Once we have determined if we are an introvert or extrovert, the important thing to do is to APPLY this understanding to others. Take the time to observe others and practice seeing the differences in an extrovert and introvert. You will be able to decide, for yourself, whether their preferred style of communicating and understanding is alike or different than your own. Recognizing the difference is both amazing and significant and helps us better communicate with others.

Practice seeing the difference in an extrovert and introvert over the next few days and on my next blog we will drill down even further to discuss the next level of differences in thinking…how we prefer to receive and determine the validity of information obtained from others. We are going further down the rabbit hole…stay tuned!

Have a great few days!

Accepting Those People Who Are Bigger Than Life

In Truman Capote’s biography the author explained that when Truman walked into a room is was like “the chemist’s drop of (a) volatile substance that changed the composition of any gathering from amity to effervescence.”

We have all met someone like this and marvel that just by walking in a room, everything seems better, more interesting. Sometimes we wish we could be more like them. The room seems to sparkle with their energy, charm and magnetism. That is a gift few have but all admire. However, like everything in life gifts can also be burdens.

Do we ever allow them just to be themselves? Or do we see them through rose colored glasses and just assume that they are always this way, without major down days or emotional challenges that weight on them. The truth is that everyone has the ups and downs of human emotions. Some people are just much better at hiding it. Many times, their reputation precedes them. In the past they may have been told of their effect on others which causes them to strive hard to live up to that expectation. They strive to be proper, positive and entertaining and not let anyone see a crack in their armor. Regardless of what concerns they have at the moment they will ‘perform’ with excellence because they want to please and live up to their ‘perceived’ reputation.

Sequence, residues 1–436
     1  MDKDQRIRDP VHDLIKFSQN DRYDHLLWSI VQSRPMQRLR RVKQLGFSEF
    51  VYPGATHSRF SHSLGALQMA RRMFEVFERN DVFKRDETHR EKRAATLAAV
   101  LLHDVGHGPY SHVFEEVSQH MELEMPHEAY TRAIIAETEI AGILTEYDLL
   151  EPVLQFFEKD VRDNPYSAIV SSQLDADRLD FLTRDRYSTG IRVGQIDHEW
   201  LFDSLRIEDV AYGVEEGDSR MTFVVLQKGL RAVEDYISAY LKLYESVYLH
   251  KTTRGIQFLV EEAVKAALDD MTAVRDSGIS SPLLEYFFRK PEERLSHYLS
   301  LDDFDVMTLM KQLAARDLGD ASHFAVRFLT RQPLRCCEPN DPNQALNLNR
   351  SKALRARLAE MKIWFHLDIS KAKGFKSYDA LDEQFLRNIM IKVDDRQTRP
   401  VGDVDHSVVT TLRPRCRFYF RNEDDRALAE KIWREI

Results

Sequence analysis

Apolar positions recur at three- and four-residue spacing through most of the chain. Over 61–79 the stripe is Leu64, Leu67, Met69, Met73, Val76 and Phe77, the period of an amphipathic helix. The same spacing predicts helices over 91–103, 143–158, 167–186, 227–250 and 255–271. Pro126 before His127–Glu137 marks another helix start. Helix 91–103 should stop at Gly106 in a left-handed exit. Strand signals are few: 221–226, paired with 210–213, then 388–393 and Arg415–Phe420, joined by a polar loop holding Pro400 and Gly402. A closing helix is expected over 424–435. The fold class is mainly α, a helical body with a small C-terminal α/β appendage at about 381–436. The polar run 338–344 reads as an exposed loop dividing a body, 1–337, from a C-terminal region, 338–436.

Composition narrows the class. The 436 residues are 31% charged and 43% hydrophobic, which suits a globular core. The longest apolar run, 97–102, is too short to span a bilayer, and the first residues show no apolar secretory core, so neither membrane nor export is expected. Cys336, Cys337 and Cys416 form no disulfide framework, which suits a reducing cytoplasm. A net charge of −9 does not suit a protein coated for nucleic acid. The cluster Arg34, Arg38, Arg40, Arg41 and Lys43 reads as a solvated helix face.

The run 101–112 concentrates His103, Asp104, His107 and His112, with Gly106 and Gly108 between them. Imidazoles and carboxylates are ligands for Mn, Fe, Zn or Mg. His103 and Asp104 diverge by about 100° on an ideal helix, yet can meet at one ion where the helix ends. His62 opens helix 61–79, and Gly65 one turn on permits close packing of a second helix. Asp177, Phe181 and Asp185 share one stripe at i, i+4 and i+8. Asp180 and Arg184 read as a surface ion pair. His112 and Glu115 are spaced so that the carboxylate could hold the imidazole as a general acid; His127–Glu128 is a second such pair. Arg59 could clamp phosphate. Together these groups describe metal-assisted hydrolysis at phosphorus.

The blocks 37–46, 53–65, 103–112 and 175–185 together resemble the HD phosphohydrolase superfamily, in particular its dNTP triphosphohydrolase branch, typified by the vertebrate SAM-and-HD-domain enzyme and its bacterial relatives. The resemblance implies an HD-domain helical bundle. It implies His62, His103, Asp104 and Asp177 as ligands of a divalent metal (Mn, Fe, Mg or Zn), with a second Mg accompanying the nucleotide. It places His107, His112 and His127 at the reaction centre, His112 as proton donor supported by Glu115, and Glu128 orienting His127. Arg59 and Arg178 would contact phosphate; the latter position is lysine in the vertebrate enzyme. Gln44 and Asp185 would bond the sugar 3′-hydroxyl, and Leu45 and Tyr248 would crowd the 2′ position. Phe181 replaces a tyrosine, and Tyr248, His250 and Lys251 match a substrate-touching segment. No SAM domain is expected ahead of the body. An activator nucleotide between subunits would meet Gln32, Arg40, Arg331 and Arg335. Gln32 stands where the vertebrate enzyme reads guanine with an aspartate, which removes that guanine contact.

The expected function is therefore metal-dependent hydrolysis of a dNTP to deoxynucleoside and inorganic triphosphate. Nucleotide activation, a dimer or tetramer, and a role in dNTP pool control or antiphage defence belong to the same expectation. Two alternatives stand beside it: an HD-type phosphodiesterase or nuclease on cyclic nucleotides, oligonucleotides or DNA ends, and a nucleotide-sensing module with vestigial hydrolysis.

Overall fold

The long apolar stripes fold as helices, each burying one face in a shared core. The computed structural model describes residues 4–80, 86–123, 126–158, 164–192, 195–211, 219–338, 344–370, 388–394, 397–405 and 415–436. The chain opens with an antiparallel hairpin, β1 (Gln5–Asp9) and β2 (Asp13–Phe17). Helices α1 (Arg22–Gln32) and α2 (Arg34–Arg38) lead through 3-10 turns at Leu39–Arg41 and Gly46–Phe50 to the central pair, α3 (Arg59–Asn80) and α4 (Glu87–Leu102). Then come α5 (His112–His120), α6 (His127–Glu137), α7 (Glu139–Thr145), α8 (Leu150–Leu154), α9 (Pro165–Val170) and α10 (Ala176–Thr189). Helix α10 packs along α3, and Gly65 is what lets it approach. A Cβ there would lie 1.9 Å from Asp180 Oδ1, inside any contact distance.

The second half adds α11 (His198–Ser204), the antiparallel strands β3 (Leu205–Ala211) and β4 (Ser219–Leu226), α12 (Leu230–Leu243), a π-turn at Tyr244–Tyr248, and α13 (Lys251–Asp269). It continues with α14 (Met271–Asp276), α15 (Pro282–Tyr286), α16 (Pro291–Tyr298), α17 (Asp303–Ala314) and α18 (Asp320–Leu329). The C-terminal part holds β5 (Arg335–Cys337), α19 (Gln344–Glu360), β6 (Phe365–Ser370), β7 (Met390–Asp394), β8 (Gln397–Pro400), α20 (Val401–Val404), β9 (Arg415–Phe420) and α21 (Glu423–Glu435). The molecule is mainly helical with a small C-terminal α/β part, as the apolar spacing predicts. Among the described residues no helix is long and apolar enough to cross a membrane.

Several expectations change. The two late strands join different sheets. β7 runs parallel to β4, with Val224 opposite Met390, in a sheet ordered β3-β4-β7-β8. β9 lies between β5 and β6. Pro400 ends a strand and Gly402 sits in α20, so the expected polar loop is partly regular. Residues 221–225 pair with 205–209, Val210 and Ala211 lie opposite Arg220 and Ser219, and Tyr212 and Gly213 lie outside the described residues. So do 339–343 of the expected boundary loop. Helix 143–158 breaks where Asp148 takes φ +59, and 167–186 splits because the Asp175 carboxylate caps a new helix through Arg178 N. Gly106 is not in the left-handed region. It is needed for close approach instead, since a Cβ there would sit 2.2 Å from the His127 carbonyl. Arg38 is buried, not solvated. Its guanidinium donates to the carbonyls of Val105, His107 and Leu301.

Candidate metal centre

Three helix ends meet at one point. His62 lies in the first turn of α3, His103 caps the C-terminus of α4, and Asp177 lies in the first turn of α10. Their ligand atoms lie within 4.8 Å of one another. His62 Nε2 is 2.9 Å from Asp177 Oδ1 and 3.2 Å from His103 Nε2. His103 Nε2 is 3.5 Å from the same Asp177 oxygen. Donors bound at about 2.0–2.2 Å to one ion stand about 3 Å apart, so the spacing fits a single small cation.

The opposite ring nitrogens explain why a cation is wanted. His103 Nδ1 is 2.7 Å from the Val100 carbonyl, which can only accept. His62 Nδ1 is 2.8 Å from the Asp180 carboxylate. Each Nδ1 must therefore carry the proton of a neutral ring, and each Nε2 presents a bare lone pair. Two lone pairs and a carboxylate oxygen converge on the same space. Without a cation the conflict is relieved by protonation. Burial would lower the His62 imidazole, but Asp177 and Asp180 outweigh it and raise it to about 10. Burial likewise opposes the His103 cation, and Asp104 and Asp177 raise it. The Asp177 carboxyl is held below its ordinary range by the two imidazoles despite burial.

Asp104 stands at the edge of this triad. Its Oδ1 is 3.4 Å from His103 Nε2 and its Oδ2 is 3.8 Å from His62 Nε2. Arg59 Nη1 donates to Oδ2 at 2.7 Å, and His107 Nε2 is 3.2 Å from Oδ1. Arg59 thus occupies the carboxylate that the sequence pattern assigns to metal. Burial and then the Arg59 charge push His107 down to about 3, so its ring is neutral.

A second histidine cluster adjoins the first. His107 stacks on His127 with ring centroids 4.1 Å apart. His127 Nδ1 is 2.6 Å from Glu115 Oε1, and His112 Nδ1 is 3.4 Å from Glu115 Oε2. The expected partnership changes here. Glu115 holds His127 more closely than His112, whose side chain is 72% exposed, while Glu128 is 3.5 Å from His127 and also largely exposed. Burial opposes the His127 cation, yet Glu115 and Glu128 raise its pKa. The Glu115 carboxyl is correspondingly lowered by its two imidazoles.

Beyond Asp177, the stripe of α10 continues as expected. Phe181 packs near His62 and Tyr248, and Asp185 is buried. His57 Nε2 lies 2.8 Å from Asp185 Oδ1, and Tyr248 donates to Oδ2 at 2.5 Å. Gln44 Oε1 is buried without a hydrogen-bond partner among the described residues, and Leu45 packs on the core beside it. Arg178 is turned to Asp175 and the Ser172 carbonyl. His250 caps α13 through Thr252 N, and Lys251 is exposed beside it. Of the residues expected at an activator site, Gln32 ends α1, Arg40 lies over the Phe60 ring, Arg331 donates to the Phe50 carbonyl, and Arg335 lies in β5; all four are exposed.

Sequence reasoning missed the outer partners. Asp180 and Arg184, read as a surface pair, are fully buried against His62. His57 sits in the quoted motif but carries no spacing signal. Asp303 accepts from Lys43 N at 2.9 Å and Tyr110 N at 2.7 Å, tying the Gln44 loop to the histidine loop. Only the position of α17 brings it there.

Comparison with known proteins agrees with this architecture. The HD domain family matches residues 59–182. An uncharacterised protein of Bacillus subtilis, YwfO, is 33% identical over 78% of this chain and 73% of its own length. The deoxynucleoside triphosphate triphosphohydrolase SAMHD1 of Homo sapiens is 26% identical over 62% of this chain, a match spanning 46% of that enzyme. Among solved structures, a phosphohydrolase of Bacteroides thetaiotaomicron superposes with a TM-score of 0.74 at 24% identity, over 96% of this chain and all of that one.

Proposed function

It’s important that we realize, after all, they are human and allow them to just be themselves. When they are feeling stressed or down they need to be given the love and acceptance to work through their feelings. If not, they may bury them for a while but like water that forcefully pushes at the cracks in a dam until it is allowed to flow more freely, their emotions will surface often with an intensity that seems out of proportion to the circumstance. Feelings of being overwhelmed, confused, angry or fearful can be hidden momentarily but surface when least expected. Usually, if these type of folks do let it out it is with someone that they fully trust, someone they know will not reject them or think less of them. In other words, they intuitively know that they can let their guard down without judgment or reprisal.